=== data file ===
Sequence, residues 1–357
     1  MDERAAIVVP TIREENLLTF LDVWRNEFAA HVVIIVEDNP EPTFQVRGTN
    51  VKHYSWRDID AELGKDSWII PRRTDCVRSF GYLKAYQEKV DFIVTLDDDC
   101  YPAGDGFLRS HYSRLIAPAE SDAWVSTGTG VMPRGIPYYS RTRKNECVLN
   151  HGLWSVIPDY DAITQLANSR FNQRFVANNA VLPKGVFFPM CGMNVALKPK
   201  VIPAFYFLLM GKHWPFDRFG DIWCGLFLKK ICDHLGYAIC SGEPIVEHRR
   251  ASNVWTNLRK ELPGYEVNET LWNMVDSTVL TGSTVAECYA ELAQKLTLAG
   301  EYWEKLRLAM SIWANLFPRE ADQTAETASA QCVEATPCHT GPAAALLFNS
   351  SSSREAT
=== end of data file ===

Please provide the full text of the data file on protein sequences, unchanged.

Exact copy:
Sequence, residues 1–357
     1  MDERAAIVVP TIREENLLTF LDVWRNEFAA HVVIIVEDNP EPTFQVRGTN
    51  VKHYSWRDID AELGKDSWII PRRTDCVRSF GYLKAYQEKV DFIVTLDDDC
   101  YPAGDGFLRS HYSRLIAPAE SDAWVSTGTG VMPRGIPYYS RTRKNECVLN
   151  HGLWSVIPDY DAITQLANSR FNQRFVANNA VLPKGVFFPM CGMNVALKPK
   201  VIPAFYFLLM GKHWPFDRFG DIWCGLFLKK ICDHLGYAIC SGEPIVEHRR
   251  ASNVWTNLRK ELPGYEVNET LWNMVDSTVL TGSTVAECYA ELAQKLTLAG
   301  EYWEKLRLAM SIWANLFPRE ADQTAETASA QCVEATPCHT GPAAALLFNS
   351  SSSREAT